I’m not a huge fan of breakfast and I’m not sure why, seeing as I am a major fan of lunch, dinner and pretty much constant snacking. I never know what I want to eat, so then I leave it too long, become hugely hungry and usually end up reaching for my fall-back, which is crispbread, hummus and a few cherry tomatoes. It’s not that that is a terrible breakfast, but it’s not making the most of the opportunity to set yourself up for the day and pack in a good amount of nutrients.
The breakfast I grew up on was cereal, milk and a piece of toast. I don’t want to start labelling most people’s breakfasts as “bad”, especially because nowadays you can buy really great bread that hasn’t been overly processed, and also cereals aren’t just about Cocopops anymore. As always, I want to advocate balance. So lets look at what makes up a good breakfast.
One of problems with just sticking to the usual UK breakfast is that it is often lacking in protein. It’s really important to have protein in every main meal, and especially so for breakfast, after 12 hours of fasting. Protein helps ensure that your blood sugar levels rise slowly, whereas a breakfast of a sugary cereal, followed by jam on toast, is just going to spike those blood sugar levels nice and high, send out a corresponding rush of insulin, which then ultimately leads to a crash pretty soon after. Personally I’m usually starving an hour after eating a bowl of cereal or having a piece of toast.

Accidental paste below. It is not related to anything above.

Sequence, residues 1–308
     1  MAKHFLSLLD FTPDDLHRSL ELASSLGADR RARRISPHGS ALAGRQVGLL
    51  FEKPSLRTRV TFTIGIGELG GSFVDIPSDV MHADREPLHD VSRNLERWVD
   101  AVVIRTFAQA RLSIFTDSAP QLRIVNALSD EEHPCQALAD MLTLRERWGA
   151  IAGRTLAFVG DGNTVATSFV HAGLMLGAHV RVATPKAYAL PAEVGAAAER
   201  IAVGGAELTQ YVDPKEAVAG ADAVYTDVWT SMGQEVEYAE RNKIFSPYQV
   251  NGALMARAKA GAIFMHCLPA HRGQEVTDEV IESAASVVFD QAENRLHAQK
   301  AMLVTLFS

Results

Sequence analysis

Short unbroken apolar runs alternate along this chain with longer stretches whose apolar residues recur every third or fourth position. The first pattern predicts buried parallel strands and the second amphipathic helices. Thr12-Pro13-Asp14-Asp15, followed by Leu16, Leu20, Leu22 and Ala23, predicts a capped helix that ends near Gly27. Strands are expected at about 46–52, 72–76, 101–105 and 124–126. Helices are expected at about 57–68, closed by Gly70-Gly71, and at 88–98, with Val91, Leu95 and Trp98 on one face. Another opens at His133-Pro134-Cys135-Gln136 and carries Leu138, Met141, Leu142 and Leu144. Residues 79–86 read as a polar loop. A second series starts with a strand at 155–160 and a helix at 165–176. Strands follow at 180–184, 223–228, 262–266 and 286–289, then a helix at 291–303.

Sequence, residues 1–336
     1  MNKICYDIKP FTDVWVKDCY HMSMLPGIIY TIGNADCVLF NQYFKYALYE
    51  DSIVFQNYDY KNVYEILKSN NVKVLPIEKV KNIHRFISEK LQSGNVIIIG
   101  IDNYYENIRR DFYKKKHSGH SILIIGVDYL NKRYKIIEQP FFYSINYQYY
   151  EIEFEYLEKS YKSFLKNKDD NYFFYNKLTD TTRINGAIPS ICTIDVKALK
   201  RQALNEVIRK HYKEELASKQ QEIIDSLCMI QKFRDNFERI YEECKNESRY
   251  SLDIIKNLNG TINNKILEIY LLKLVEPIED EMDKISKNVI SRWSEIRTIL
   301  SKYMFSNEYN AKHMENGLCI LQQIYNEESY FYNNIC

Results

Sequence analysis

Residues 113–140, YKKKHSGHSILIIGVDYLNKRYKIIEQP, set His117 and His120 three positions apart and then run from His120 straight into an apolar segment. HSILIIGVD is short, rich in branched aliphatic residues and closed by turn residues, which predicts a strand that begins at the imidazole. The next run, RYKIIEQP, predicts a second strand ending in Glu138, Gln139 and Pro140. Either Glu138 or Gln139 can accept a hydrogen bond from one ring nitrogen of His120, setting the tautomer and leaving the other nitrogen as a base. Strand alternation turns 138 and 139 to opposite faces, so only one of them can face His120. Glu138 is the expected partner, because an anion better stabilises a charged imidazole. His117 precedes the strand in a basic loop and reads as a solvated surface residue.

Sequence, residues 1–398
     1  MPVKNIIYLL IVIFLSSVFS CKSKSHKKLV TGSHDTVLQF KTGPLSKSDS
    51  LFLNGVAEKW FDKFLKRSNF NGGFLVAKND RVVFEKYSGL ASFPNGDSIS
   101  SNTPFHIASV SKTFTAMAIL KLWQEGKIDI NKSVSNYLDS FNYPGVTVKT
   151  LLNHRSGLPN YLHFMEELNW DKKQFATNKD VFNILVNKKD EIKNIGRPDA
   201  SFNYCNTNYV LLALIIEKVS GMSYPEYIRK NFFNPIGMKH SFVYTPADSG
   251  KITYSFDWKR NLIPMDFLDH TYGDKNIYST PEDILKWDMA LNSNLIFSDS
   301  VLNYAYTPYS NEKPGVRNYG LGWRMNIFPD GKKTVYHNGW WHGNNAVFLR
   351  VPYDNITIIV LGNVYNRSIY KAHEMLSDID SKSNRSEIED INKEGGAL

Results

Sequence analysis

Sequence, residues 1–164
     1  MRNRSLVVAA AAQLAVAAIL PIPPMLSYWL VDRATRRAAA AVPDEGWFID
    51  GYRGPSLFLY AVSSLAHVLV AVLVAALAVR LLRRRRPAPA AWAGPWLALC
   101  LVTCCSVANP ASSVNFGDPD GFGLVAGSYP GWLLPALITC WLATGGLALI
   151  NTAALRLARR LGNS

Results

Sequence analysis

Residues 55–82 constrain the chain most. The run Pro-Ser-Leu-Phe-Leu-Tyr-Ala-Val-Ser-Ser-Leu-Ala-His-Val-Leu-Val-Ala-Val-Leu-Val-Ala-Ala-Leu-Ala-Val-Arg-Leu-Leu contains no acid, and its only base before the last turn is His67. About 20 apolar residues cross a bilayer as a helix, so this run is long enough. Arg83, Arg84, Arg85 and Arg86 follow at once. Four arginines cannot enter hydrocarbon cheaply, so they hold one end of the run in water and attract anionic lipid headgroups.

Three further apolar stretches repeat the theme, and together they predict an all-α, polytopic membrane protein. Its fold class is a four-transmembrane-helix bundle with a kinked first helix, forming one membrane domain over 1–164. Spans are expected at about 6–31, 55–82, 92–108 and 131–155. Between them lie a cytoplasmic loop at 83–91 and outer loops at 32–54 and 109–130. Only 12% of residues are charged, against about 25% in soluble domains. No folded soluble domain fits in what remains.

So what can you do to the usual breakfast to make it a little more balanced? Firstly, do make sure you go for cereals or muselis where sugar doesn’t come up as one of the key ingredients – you don’t have to go to a health food shop to buy decent cereals or muselis these days – have a look in the supermarket for a museli with no added sugar and preferably one that contains nuts and seeds for added protein. Add some berries and sliced banana to your cereal or museli to make sure you are getting a bit of fresh food in your breakfast. If you have toast then get decent wholemeal bread, or try rye bread or sourdough. And rather than always going for the jam, why not try nut butters. There is nothing nicer than almond butter or organic peanut butter with sliced banana on sourdough.
You could also go for something totally different. In other parts of the world they tend to go for savoury options in the morning that contain protein. I remember at school, there were quite a number of students from Asia, and mostly they declined what was on offer for breakfast (I was at a boarding school) and made their own soup, with some form of protein and rice. At the time I thought what a gross way to start the day, but looking back I see the logic and actually it seems pretty appealing now.
Do feel free to download the handout at the bottom for a few ideas on how to start the day. Give them a try, and hopefully you’ll find one or two that hit the spot.